The New York-based investment bank Seaport Global Securities LLC., Daley’s most recent employer, confirmed her death on Sunday. “The firm extends our deepest condolences to Christine’s family,” a spokesperson told Bloomberg News. No cause of death was given. Daley was born in July 1958, according to public records. [snip]

A graduate of the College of New Rochelle and NYU Stern School of Business, Daley joined Bear Stearns in the high yield and bankruptcy department and worked there until 1993. She later became a managing director at Lehman Brothers, where she led the distressed debt and special situations proprietary desk, and oversaw distressed debt and high yield research.

After the collapse of Lehman Brothers during the global financial crisis, Daley joined Oak Hill Advisors in 2009 as managing director of the firm’s investment team. In 2011, she joined River Birch Capital, a hedge fund co-founded by ex-Lehman President and COO Bart McDade that shuttered in late 2018, before switching to Seaport Global.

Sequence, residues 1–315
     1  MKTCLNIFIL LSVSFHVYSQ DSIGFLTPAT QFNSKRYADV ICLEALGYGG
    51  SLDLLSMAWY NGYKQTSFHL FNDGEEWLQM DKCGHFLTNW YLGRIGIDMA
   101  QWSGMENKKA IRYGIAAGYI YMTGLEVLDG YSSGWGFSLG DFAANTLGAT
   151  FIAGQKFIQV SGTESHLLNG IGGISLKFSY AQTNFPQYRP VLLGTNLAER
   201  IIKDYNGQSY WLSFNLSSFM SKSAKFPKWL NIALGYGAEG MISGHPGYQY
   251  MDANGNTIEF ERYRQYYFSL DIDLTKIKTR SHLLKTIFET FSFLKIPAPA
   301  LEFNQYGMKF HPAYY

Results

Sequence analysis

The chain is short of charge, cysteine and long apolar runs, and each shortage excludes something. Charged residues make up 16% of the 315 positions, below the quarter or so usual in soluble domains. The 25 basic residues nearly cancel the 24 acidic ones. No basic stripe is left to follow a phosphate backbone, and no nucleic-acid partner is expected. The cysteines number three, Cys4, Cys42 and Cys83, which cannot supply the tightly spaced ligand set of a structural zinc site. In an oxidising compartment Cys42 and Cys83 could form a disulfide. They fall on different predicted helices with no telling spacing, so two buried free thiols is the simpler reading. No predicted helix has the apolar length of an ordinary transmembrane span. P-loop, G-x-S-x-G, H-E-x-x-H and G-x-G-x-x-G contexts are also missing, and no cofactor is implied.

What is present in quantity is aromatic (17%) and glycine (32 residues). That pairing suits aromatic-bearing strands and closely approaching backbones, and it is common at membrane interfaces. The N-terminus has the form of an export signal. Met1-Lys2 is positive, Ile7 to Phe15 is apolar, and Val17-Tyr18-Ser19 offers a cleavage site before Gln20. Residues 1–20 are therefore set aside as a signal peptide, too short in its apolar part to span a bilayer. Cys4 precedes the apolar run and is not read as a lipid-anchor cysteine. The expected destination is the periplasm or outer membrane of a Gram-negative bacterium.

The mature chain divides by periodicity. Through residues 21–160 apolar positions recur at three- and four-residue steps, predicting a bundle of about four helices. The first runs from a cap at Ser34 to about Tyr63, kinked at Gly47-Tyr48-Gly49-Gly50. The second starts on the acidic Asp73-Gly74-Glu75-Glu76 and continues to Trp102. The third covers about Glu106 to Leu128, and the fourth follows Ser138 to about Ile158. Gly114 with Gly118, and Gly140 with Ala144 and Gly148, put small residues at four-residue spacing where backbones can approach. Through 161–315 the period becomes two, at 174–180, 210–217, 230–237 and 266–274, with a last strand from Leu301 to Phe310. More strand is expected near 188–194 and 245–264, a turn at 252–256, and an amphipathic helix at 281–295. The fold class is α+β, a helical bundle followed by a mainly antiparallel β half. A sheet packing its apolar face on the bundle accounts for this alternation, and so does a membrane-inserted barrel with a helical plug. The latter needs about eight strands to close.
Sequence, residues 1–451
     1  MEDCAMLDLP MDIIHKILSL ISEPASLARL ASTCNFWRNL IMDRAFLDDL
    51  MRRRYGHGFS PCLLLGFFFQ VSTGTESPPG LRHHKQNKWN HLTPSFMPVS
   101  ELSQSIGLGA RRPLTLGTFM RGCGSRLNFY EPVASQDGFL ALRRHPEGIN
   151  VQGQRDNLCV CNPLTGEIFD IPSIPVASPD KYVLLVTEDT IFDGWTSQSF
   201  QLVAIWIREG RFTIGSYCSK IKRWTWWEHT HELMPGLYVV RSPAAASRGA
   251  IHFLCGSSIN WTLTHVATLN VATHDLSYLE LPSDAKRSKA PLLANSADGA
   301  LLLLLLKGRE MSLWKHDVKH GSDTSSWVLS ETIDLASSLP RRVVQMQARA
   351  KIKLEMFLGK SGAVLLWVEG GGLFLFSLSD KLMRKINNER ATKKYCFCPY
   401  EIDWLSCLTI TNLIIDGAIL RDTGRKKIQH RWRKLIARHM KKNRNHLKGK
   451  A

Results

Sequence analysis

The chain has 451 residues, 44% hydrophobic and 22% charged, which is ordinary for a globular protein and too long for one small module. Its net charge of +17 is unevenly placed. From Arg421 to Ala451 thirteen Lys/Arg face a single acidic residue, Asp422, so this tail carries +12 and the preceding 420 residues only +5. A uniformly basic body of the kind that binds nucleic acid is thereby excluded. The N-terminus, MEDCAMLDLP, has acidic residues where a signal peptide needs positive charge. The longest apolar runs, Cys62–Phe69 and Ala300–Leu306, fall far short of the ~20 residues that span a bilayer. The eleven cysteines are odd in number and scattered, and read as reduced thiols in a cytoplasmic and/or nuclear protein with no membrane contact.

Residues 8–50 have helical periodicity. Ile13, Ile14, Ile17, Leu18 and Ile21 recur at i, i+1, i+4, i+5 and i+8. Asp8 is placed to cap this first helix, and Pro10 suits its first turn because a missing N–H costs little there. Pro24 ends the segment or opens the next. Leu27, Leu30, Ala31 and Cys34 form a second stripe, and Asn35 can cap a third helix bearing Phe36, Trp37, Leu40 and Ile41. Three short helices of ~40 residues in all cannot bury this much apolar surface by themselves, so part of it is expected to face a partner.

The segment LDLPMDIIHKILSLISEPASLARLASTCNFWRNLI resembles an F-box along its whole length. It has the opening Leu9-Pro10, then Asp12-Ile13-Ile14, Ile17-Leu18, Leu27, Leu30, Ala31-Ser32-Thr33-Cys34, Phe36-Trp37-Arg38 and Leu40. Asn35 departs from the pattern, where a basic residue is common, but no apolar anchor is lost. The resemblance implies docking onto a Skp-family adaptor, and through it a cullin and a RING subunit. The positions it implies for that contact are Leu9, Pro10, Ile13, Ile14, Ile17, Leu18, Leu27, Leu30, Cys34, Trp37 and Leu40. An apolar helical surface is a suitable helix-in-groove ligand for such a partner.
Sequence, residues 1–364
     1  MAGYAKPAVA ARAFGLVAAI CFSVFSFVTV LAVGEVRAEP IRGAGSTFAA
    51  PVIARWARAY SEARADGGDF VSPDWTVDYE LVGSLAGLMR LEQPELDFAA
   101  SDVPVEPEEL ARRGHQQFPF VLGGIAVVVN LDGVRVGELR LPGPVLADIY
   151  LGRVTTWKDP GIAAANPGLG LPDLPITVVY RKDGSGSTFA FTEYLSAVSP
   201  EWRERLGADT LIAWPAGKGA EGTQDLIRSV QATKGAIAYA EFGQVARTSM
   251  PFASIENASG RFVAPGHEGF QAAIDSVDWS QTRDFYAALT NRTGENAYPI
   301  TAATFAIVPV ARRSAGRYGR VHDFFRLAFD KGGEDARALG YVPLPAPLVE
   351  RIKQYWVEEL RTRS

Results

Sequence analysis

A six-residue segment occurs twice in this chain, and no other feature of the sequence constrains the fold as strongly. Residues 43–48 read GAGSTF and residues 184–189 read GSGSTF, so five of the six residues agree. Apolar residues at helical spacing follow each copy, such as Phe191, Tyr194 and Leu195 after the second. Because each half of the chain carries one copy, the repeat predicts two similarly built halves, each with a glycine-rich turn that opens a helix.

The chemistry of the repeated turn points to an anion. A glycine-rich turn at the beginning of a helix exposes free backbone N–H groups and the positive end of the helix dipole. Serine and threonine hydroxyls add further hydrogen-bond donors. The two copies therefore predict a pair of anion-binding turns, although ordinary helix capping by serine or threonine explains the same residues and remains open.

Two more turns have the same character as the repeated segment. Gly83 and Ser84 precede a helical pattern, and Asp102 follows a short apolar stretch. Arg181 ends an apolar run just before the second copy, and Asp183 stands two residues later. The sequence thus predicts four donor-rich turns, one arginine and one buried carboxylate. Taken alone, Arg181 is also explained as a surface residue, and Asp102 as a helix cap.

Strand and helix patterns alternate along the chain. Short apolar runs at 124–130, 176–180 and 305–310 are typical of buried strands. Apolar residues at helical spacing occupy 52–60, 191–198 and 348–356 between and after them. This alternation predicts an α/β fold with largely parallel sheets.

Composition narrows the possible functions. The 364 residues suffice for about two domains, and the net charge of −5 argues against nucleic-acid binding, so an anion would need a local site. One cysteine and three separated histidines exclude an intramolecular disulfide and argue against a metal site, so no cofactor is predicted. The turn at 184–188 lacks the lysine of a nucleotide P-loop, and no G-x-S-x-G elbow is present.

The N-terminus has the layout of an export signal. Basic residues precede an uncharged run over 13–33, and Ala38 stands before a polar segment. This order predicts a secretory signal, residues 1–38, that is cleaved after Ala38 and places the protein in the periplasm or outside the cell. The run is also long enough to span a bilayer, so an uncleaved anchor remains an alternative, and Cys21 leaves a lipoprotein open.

Read more...[snip]
Posted by Backseat Driver | Mon Jul 27, 2020, 12:37 PM (0 replies)

Amid virus, Nicaragua drops celebration, readies monument


President Daniel Ortega's government is being deterred by the coronavirus from holding the usual mass celebration to mark the July 19 victory of Nicaragua's revolution. Instead, it will unveil a new addition to its collection of monuments in the old city center of Managua. The 3½-ton Peace Bell will toll atop a 55-foot (17 meters) concrete tower not far from a grove of "Trees of Life," the huge abstract steel trees painted in garish colors that were sowed about the capital by Vice President Rosario Murillo, wife of the former revolutionary leader Ortega. Flower gardens and benches will surround the tower.